The film works towards a clear path that is sure to end with an exorcism. The majority of this scene is intense, as it tries to show a more detailed look at the process of exorcism in stages. The interactions had with the demon throughout this exorcism is a large improvement over those primarily seen in these supernatural flicks. Unfortunately, it doesn't take long for the picture to return to its clashing tones. This leads us to a predictable conclusion that tries to hit a more sentimental note, which feels incredibly random. It's very difficult to understand exactly what Scott Derrickson and Paul Harris Boardman are trying to achieve here. While there are some good ideas hidden here and there, all of them feel unfulfilled. Even when the film manages to reach an eerie moment, it quickly takes us back to the cheesy cop drama. This clash of ideas truly makes for an experience that isn't able to successfully deliver on any of its goals.

Not only are the advertisements publicizing that the film is inspired by the accounts of an NYPD officer, but it's also marketing the two biggest names in the picture. Eric Bana plays a rather underwhelming Ralph Sarchie. Not only is it difficult to find him believable in this role, but he has an accent that drops in and out more times than there are jump scares. It's extremely distracting. Édgar Ramírez is an improvement in the role of Mendoza. He's convincing and brings personality to the character that wouldn't have been there otherwise. Perhaps the most confusing cast choice would have to be Joel McHale as Butler. He's not necessarily horrible in the role, but it feels more like we're watching Joel McHale play himself rather than Butler. There aren't any break-out performances, such as the one we saw in The Exorcism of Emily Rose, but the majority of the cast does what they can with the material.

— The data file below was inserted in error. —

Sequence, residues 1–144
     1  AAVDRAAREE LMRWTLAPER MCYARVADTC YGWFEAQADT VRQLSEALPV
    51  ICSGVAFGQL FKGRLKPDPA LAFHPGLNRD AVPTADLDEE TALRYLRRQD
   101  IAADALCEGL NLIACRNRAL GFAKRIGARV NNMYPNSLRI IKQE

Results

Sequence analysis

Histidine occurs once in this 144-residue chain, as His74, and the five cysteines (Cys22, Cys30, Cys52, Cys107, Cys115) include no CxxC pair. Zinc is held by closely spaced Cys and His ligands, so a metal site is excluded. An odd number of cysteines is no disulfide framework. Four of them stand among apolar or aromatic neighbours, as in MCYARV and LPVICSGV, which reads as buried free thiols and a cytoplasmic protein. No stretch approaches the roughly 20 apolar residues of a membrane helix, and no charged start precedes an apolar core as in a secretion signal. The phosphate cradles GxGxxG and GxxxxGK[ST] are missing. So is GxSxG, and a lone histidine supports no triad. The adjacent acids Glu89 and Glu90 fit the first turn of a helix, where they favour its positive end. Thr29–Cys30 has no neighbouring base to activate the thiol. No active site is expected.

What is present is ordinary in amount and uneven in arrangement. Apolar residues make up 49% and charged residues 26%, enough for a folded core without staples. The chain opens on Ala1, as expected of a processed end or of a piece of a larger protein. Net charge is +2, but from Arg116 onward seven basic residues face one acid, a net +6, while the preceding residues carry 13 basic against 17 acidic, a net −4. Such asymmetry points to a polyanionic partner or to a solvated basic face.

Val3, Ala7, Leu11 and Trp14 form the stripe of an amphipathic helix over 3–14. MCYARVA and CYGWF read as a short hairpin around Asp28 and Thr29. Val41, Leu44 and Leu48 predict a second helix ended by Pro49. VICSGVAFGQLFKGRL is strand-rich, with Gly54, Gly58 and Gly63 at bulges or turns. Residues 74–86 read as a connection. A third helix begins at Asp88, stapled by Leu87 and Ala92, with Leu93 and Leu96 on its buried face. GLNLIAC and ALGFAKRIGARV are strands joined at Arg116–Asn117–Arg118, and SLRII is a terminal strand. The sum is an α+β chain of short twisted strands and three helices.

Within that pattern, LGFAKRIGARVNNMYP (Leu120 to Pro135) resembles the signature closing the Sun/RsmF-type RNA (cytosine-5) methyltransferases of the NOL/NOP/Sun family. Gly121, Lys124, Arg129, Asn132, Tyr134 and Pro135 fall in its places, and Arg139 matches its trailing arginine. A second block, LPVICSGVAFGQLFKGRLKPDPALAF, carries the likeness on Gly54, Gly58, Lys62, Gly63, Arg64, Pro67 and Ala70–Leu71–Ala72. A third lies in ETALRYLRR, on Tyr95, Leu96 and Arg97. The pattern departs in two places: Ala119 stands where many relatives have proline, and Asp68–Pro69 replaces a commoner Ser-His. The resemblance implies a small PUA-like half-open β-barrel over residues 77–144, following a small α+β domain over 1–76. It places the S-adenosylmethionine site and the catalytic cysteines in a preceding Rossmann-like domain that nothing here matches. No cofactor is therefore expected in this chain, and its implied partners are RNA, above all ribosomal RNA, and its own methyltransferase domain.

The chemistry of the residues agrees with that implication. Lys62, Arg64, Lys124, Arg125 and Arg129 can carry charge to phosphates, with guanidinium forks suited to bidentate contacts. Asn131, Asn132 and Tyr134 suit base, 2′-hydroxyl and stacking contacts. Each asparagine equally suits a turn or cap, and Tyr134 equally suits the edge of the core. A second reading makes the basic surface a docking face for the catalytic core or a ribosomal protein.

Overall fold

Unlike the visual style found in Derrickson's previous pictures, the film is simply drowned in darkness. While it makes sense for the picture to be dark, simply drenching the film in it doesn't create an atmosphere that audiences will fear. However, Deliver Us From Evil succeeds in the makeup department, as all of the practical effects look absolutely creepy. The visuals are accompanied with an effective audio track that utilizes each and every speaker in the cinema. Whether you're hearing creaking, scratching, screaming, or the loud score, the surround speakers truly immerse the audience in this supernatural story. While the color palette could have used more inspiration, the remainder of the technical aspects work incredibly well.

Even with its initial potential, Deliver Us From Evil doesn't instill an ounce of fear in its audience. It cares more about making viewers jump rather than leaving any lasting impression, which is a real shame. The film has its moments through its creepier moments, but the feature doesn't manage to dig under the skin in the same manner as Derrickson's Sinister. Instead, this is a rather superficial horror experience with clashing tones. It never feels very confident about what it wants to be and what goals it seeks to achieve. Deliver Us From Evil doesn't quite manage to deliver on any truly effective scares. Rent it.